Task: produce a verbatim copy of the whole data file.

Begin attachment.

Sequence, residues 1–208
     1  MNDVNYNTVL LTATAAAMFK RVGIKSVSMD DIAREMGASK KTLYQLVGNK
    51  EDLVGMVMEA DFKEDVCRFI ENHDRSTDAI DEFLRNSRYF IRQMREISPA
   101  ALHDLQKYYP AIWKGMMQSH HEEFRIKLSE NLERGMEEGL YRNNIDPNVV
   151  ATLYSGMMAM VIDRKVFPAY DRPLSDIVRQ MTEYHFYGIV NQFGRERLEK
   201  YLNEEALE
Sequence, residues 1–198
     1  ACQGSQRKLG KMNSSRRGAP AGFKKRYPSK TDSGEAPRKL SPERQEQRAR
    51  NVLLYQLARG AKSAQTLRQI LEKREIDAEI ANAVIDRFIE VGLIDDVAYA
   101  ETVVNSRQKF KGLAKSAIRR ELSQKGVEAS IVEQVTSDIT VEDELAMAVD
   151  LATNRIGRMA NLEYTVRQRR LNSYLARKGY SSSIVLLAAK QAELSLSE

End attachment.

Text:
Sequence, residues 1–208
     1  MNDVNYNTVL LTATAAAMFK RVGIKSVSMD DIAREMGASK KTLYQLVGNK
    51  EDLVGMVMEA DFKEDVCRFI ENHDRSTDAI DEFLRNSRYF IRQMREISPA
   101  ALHDLQKYYP AIWKGMMQSH HEEFRIKLSE NLERGMEEGL YRNNIDPNVV
   151  ATLYSGMMAM VIDRKVFPAY DRPLSDIVRQ MTEYHFYGIV NQFGRERLEK
   201  YLNEEALE
Sequence, residues 1–198
     1  ACQGSQRKLG KMNSSRRGAP AGFKKRYPSK TDSGEAPRKL SPERQEQRAR
    51  NVLLYQLARG AKSAQTLRQI LEKREIDAEI ANAVIDRFIE VGLIDDVAYA
   101  ETVVNSRQKF KGLAKSAIRR ELSQKGVEAS IVEQVTSDIT VEDELAMAVD
   151  LATNRIGRMA NLEYTVRQRR LNSYLARKGY SSSIVLLAAK QAELSLSE